How do I obtain a copy of my life insurance policy?
I am planning to leave active duty. Will this affect my existing insurance policy?
No, any change in active status will not affect your life insurance policy.
How do I change a beneficiary?
How does a 1035 exchange work?
A 1035 exchange is a transfer of funds from a current life insurance policy or annuity to a new policy or annuity without requiring the payment of taxes. A life insurance contract can be rolled into a new life insurance contract or an annuity. An annuity can only be rolled into a new annuity — it cannot be rolled into a life insurance contract.
Both of the following are needed from the surrendering policy:
- The cost basis, or documentation showing funds paid in and earned by the plan, minus any fees or loans
- A check in the amount of the plan balance after all deductions
The policy owner and insured or annuitant must be the same between the old policy and the new policy. Multiple life insurance contracts can be rolled into one, so long as the policy owner and insured are the same between all contracts. If multiple policies are rolled into one, and at least one of the policies to be replaced is a Modified Endowment Contract, the new policy is also considered a Modified Endowment Contract.
There is generally a 60-day conservation period when requesting a 1035 exchange, which can be waived at the request of the applicant.
What is conditional coverage and how does it work?
If the applicant passes away during the application process and our underwriters determine that the policy would have been approved, the death benefit will be paid.
What is a Modified Endowment Contract (MEC)?
How is a Modified Endowment Contract taxed?
Contracts that are funded to trigger MEC classification result in a change in required tax treatment so that any interest contained in cash value would be distributed first, regardless of the owner’s chosen method of receipt (e.g., policy loan offset, dividend as cash, partial or complete surrender). In addition, an assignment or change of ownership of a MEC to a non-spouse may result in an ordinary income taxable event to the grantor in the year of the distribution if any gain in cash value beyond premium payments have accrued.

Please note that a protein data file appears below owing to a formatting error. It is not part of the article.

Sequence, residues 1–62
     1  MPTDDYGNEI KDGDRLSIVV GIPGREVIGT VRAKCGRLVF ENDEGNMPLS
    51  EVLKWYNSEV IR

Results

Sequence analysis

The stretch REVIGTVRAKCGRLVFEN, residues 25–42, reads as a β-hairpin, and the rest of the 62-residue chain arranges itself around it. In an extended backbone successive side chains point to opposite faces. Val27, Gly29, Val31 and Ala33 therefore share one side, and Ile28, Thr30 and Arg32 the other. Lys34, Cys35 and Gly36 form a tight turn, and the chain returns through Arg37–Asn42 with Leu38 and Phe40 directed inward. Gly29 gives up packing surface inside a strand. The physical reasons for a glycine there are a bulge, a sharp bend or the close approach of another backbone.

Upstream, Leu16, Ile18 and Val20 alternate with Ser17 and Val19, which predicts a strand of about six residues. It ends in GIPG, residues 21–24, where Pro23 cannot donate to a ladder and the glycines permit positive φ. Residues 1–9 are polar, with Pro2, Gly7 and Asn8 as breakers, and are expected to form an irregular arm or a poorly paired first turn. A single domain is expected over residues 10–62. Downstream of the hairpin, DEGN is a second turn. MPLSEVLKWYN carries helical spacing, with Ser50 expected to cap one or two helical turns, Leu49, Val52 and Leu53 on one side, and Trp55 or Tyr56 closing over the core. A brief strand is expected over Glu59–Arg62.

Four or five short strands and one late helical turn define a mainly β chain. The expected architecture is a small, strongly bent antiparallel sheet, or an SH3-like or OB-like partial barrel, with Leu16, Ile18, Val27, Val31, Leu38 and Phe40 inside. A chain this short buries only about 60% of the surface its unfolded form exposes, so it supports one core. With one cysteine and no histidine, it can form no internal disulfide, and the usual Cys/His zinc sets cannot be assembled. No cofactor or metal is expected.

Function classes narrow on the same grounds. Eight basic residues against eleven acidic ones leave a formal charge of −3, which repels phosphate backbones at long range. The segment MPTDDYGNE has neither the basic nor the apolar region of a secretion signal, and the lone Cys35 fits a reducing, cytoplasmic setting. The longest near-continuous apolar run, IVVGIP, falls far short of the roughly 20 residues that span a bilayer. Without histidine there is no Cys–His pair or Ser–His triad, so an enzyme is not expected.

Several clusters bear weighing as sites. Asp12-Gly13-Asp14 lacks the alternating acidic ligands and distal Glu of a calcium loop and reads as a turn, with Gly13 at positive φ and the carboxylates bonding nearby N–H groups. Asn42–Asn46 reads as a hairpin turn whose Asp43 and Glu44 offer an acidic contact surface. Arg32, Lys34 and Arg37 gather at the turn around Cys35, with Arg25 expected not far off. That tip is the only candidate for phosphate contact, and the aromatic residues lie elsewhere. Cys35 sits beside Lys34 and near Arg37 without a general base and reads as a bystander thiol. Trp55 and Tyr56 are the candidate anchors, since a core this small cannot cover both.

A multi-contract tax aggregation rule also applies to all MEC life insurance policies issued to the same owner in the same tax year, resulting in any interest earnings contained within those contracts being dispersed first in the event that a withdrawal, loan, or dividend distribution of cash value occurred during the lifetime of the insured.
In addition to last-in-first-out tax treatment, any taxable gain distributed from cash value of a MEC is also subject to a 10% IRS imposed penalty if the distributions occur prior to the owner being age 59 ½. Any premium contribution returned to the owner in the form of a MEC cash value distribution is free of this 10% early distribution penalty. In addition, settlement of cash value in an income stream over the life expectancy of the insured avoids the 10% excise tax under 72(t).
Note that MEC tax treatment does not impact tax-deferred cash value accumulation within the contract or the tax-free nature of a death benefit settlement.